: Safari Town Surf

Guided Paddling Adventures in Oregon

No experience needed to see scenic waterways from a kayak or a paddleboard.
April 17, 2024

With so many postcard-worthy lakes, thousands of miles of rivers and 363 miles of spectacular coastline, Oregon is undoubtedly one of the nation’s great water states. With summer here, it’s time to grab a paddle and go for a float. Here are some ideas to get you on the water safely and confidently with experts who’ll have you bobbing along in a kayak or atop a paddleboard in no time. 

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Several people kayaking on a river towards a view of rushing waterfalls.
Kayaking with views of Willamette Falls (courtesy of Oregon's Mt. Hood Territory)

Enjoy a Paddling Adventure Near Portland

Alder Creek Kayak, Canoe, Raft & SUP has Oregon river roots going back to the 1980s, when it first began opening shops offering gear to get people paddling. Today the Portland-based outfit offers guided tours on rivers and wetlands around Portland and the Willamette Valley. Sign up for a three-hour kayaking tour through the Smith and Bybee Wetlands Natural Area, a vast marsh north of downtown not far from where the Willamette and Columbia rivers meet, and you’ll get to float among one of the largest urban marshes in the country. These are beginner-friendly waters with little current and no rapids, and they will give you plenty of time to look for beavers, otters, raptors and more. Alternatively, sign up for a beginner kayaking or paddleboarding class from Jantzen Beach in North Portland to learn the skills and techniques needed for safe trips on your own.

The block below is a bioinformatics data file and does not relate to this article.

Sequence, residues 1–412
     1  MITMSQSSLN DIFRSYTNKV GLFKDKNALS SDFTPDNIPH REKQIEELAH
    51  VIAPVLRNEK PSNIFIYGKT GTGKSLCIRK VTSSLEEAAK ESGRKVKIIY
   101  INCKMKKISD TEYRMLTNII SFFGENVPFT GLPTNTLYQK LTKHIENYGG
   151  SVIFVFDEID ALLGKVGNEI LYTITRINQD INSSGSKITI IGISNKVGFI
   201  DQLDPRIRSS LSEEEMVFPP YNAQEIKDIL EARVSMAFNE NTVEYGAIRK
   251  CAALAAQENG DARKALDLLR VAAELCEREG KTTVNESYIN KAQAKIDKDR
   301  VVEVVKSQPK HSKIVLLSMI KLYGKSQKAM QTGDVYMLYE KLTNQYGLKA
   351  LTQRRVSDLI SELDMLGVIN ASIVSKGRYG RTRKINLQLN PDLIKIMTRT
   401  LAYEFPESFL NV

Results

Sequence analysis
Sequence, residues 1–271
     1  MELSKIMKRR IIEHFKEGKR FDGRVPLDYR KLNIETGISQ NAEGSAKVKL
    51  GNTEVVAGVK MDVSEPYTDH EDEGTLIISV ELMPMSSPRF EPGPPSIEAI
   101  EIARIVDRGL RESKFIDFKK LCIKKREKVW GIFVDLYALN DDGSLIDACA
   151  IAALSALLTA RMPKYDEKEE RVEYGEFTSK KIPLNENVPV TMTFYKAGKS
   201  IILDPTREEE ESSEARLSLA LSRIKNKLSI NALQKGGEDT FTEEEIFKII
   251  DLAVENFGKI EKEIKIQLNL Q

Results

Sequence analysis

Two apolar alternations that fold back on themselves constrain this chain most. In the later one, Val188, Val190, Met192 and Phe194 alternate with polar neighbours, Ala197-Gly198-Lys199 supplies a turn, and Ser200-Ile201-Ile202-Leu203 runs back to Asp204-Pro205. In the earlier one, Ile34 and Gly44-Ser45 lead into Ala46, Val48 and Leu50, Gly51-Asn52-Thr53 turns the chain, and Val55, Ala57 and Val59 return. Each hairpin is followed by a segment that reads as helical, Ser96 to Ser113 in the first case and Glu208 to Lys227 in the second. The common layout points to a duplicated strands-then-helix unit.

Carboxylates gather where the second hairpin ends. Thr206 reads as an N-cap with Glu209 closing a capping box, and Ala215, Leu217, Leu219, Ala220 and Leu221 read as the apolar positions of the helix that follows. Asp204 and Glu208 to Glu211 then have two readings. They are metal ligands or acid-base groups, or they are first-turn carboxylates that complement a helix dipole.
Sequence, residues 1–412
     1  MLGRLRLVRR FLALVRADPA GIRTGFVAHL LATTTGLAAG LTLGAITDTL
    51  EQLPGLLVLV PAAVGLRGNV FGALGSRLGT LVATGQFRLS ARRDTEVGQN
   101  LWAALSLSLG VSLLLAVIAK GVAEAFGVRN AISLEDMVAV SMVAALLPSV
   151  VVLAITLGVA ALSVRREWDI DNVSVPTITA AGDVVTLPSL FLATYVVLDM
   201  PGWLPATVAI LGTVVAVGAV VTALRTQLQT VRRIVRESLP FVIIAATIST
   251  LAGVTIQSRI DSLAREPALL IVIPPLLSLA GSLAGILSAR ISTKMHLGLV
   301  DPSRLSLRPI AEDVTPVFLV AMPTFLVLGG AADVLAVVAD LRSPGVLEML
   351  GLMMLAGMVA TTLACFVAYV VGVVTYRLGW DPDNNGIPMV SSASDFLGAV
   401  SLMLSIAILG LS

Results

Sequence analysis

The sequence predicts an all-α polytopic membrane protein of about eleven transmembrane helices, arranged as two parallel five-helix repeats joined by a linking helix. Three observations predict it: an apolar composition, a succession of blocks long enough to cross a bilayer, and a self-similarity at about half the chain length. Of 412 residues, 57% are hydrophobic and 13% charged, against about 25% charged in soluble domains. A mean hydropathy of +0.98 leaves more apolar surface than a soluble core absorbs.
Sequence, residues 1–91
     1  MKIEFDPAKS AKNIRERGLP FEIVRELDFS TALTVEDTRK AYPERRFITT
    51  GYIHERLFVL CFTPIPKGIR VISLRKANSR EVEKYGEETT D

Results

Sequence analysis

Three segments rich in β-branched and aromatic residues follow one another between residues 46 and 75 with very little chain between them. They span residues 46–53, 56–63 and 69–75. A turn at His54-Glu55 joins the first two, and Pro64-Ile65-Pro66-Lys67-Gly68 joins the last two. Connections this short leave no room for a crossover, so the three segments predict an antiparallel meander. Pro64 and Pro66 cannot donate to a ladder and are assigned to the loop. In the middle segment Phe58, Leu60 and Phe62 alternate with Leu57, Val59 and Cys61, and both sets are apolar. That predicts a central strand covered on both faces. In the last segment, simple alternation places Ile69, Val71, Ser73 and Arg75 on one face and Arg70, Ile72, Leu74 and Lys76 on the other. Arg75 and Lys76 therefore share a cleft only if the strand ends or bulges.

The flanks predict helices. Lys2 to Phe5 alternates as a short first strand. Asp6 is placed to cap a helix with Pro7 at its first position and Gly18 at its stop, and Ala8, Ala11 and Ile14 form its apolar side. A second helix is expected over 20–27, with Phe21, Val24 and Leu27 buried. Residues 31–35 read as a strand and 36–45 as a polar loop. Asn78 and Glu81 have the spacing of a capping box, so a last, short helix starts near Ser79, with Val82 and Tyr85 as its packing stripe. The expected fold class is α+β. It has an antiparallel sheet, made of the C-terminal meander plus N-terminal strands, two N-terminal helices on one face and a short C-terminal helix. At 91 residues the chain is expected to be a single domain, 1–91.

Based in Oregon City, eNRG Kayaking offers paddling tours to view the 40-foot-high Willamette Falls — one of the widest falls in the world — in kayaks and on paddleboards. The trip takes about 90 minutes and is great for beginners and kids 5 years old and up. Be on the lookout for ospreys and herons. The company offers the same tour at night, too, when the city lights up. 

Located in Mill City near Salem, Fur Sure Outfitters takes paddlers from around the world on the North Santiam River, where you’ll find easy Class I and II rapids that serve as a good introduction to whitewater paddling. Hop in an inflatable kayak and the guides will show you how to navigate gentle currents and riffles on a 9-mile float to the Mehama Bridge. Also near Salem, choose from a dozen locations to book a guided tour with the experts at Salem Kayak Rentals — check out their especially lovely sunset tour and night tour, with colorful LED lights to help illuminate the night. Clackamas River Outfitters runs whitewater trips as well as guided trips on Estacada Lake for flatwater paddlers. 

People kayaking on a calm body of teal blue water.
Crystal clear on a tour with Sky Lakes. (courtesy of Sky Lakes Wilderness Adventures)

Float on Pristine Oregon Lakes